ABC accomplishments for fiscal year 2008-09:

· Implemented the Data Warehouse for member benchmarking; starts with five years worth of over 1,000 data elements, for such areas as financial, operational, testing, deferral and productivity; · Acquired a value-added member hospital inventory management system from England's National Health Service Blood and Transplant; the North American version to be implemented mid-2009, while adding automated data collection on blood recipient outcomes by early 2010; · Developed a Foundation for America's Blood Centers (FABC) fundraising plan to help resume demonstration grants to members; · Signed a Memorandum of Understanding with the National Marrow Donor Program to assist members in cord and peripheral blood stem cell collections and diversity recruitment; also to jointly explore developing a business association to expand patient access to cell therapies; · Signed an emergency blood contingency agreement with the Israeli Magen David Adom blood program; · Disseminated a pandemic flu toolkit to assist members in local response preparations; · Published 48 issues of the ABC Newsletter; · Registered a record 207 attendees to the Annual Meeting; Interim Meeting with 145; · Trained 64 medical directors, 135 donor recruitment and communications staff, 37 fund developers and 50 human resources staff at specialty workshops;

· Hosted 27 Webinars for members and rolled out new Listservs for five member networks; · Developed and analyzed a member satisfaction and strategy assessment: 656 member contacts responded; 51 percent of the total. Results gave ABC high marks for effectiveness; provide guidance for reorganizing approaches to better serve member needs; · Conducted 12th Annual Awards of Excellence Program; · Preserved member ability to sell blood-related drugs under regulations of the Prescription Drug Marketing Act; 22 members sell $450 million in derivatives; · Made members eligible for $2 billion in undesignated health IT grants; · Organized first national conference on the regulation of blood establishment computer systems (BECS); · Obtained American Medical Association approval of a resolution supporting blood center inclusion in medical malpractice reforms; · Worked with FDA, EU regulators and suppliers to standardize clinical trials for new tests and blood related devices; · Advocated successfully with Nuclear Regulatory Commission to preserve Cs-137 blood irradiators; avoided $21 million in member replacement costs; · Preserved up to 20 percent of collections from frequent pheresis donors; and · Rolled out Improving Manufacturing Practices and Quality (IMPAQ): Since 1992, these quality programs have resulted in the training of hundreds of thousands of member staff.


ABC Happenings

Staff Anniversaries

FY 2008-09 (April 2008 ­ March 2009)

5 Years

Robert Kapler Director, Government Relations Editor, ABC Newsletter March 2009

10 Years

Susan K. Claffey Director, Contracting February 2009

25 Years

Trudy Thompson Manager, General Accounting April 2008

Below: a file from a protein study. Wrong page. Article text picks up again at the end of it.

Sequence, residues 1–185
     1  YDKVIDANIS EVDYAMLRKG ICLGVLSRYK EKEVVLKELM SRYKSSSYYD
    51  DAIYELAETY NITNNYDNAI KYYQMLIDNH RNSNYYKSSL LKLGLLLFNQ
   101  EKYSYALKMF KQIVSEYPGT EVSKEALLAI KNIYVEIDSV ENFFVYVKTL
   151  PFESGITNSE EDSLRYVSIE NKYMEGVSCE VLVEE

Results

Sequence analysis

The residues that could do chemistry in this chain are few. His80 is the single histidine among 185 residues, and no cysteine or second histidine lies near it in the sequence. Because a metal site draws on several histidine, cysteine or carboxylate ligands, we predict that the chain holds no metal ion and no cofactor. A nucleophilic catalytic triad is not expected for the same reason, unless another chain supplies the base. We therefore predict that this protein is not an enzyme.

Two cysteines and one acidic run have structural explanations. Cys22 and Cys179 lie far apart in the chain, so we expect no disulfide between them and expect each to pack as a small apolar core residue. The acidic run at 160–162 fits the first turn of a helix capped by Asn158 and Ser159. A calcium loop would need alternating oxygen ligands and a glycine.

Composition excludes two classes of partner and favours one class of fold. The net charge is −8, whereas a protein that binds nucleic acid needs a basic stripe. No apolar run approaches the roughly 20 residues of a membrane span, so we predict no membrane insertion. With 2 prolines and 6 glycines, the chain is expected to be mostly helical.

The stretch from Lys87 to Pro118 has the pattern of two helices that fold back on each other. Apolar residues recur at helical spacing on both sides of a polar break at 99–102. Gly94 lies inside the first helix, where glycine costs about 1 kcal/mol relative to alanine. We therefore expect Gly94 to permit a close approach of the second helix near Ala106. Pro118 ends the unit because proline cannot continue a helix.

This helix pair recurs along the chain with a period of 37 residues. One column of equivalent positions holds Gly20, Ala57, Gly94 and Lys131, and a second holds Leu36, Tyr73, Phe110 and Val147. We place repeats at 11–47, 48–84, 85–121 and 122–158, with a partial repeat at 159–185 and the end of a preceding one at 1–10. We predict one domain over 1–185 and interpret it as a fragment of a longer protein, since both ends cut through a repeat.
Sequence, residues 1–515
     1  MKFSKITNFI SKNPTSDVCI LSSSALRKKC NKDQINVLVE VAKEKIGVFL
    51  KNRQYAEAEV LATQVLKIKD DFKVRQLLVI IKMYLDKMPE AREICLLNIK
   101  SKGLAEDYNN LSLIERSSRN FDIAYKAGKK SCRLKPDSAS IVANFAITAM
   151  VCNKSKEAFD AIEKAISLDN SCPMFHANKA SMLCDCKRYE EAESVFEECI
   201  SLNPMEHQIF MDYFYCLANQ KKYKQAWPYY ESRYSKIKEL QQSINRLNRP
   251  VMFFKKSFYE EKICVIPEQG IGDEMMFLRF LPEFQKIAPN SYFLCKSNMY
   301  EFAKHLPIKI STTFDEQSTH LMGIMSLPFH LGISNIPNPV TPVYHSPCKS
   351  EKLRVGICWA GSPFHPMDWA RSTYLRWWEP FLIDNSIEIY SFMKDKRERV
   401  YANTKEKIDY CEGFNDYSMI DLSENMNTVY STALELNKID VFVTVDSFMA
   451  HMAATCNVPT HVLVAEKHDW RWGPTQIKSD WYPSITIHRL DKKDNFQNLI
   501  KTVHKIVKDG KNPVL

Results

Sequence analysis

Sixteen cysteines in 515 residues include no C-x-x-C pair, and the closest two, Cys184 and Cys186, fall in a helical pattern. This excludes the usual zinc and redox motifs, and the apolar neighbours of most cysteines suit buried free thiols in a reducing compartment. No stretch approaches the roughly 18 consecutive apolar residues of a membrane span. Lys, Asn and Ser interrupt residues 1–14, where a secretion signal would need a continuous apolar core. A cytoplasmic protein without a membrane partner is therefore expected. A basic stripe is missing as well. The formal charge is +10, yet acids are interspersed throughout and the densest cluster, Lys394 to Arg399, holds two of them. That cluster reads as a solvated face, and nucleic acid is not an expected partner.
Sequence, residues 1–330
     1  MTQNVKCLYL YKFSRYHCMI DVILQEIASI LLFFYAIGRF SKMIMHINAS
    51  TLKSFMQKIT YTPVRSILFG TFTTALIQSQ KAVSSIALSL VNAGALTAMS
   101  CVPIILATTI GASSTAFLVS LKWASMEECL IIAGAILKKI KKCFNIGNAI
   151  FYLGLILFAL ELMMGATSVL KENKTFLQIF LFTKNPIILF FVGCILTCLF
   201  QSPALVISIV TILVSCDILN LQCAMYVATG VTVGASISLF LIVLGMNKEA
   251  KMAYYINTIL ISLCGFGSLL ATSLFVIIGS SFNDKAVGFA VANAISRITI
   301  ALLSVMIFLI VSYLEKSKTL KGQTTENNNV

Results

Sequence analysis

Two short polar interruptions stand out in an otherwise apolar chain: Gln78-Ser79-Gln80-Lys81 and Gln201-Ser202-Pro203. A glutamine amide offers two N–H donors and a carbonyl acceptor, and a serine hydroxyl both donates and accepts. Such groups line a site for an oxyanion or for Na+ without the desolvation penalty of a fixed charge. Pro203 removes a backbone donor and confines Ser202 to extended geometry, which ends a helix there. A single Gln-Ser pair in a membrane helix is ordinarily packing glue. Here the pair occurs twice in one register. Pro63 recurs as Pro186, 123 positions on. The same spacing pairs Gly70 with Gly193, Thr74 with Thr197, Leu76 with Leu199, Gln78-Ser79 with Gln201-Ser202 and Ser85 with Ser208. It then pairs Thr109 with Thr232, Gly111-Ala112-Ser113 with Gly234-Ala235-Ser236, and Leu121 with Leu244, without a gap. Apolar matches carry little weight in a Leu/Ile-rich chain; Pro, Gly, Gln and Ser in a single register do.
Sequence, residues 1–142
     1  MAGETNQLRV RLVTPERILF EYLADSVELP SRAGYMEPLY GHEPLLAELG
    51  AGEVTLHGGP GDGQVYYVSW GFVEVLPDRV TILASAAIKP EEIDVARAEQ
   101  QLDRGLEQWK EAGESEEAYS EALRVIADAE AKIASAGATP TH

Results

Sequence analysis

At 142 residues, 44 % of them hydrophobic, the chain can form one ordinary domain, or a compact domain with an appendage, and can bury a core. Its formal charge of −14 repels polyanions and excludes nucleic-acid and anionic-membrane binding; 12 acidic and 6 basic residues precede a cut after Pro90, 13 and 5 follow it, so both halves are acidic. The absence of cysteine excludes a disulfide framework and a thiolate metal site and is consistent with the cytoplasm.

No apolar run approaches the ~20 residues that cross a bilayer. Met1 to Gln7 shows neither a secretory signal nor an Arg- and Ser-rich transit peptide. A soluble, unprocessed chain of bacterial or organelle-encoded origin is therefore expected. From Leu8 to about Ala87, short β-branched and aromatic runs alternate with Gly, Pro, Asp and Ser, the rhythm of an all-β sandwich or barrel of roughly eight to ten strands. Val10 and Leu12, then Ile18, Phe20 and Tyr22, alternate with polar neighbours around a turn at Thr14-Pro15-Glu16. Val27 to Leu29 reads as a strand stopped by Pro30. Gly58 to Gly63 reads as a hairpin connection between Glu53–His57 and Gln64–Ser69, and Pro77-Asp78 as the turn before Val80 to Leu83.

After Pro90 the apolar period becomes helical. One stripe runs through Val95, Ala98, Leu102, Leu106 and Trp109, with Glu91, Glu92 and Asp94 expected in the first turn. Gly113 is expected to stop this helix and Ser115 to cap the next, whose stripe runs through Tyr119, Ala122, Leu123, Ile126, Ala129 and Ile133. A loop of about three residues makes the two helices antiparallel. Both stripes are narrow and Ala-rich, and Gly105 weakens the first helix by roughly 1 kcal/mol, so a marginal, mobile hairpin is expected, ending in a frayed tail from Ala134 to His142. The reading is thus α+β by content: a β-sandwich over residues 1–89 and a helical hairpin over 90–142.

Staff Retirements

27 Years

Jane Starkey October 2008



Scientific, Medical, Technical, Quality & Regulatory Services

SMTQR continued to provide support for strategic scientific, medical and technological decisions impacting the health and safety of blood donors, recipients and the blood supply. The department also addressed and assisted members with new guidances and bulletins issued by regulatory and standard-setting agencies that may impact blood centers, or the benchmarking practices related to blood donors, component preparation, testing and blood transfusion. Highlights include: · Participated in Inter-organizational Task Forces on Disaster Planning, Pandemic Flu, West Nile virus (WNV), Chagas disease, Recovered Plasma and Biovigilance; AABB Committees (Transfusion-Transmitted Diseases, FDA Liaison and Donor History Questionnaire). In addition, SMTQR is a member of the organizing committee of the annual PhRMA meeting on quality and regulatory issues; · Presented ABC members' positions before the FDA Blood Products Advisory Committee (BPAC) and the HHS Advisory Committee on Blood Safety and Availability (ACBSA) on HBV NAT, Chagas testing, Plasma for Future Manufacture and WNV testing triggers; · Successfully advocated with the Nuclear Regulatory Commission against the unnecessary ban of Cs-137 blood irradiators needed to prepare components for transfusion into immunosuppressed patients. As an added benefit, this resulted in the avoidance of $21 million in member replacement costs; · Compiled a substantial amount of member data and responded to a Draft FDA Guidance on Automated Platelet Collections that would have had a major impact on collections without the benefit of safety for donors and recipients. FDA accepted many of the suggested changes and included them in the final version. These changes avoided a 12-20 percent loss in collections from frequent platelet donors; · Reviewed and submitted formal comments to the FDA on numerous guidances and proposed regulations to include the 21 CFR 600 series (Requirements for Human Blood and Blood Components Intended for Transfusion or for Further Manufacturing) proposed rule, and draft guidances on: WNV NAT, HBc reentry, Parvovirus B19, Good Practices for Tissues and HCT/Ps and Process Validation; · Reviewed and submitted comments to the International Council for Commonality in Blood Banking Automation, Inc. on the Draft-ISBT Uniform Labeling for Cell Therapy; · Continued to work intensively with the members, AABB and the FDA on regulatory and standards issues related to the role of the blood center in maintaining donor health: to modify deferrals for malaria, to rationalize approaches to bacterial detection, to resolve the complex issues surrounding the reduction of tattoo deferrals and to review methods for lowering reactions in young donors;